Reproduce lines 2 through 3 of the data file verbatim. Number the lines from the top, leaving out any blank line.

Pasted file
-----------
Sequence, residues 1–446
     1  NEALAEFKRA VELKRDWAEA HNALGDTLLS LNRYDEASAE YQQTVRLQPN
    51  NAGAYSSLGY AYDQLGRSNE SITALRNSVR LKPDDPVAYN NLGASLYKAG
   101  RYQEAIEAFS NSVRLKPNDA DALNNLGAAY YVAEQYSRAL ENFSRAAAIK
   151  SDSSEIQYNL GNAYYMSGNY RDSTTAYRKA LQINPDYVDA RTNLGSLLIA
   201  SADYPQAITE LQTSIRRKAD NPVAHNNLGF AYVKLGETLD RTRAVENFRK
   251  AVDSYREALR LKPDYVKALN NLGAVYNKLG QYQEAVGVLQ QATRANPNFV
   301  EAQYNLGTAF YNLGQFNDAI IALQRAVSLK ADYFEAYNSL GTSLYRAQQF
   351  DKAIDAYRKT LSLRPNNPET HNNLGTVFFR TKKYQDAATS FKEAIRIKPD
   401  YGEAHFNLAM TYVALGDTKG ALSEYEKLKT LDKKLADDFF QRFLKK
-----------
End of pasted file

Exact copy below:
     1  NEALAEFKRA VELKRDWAEA HNALGDTLLS LNRYDEASAE YQQTVRLQPN
    51  NAGAYSSLGY AYDQLGRSNE SITALRNSVR LKPDDPVAYN NLGASLYKAG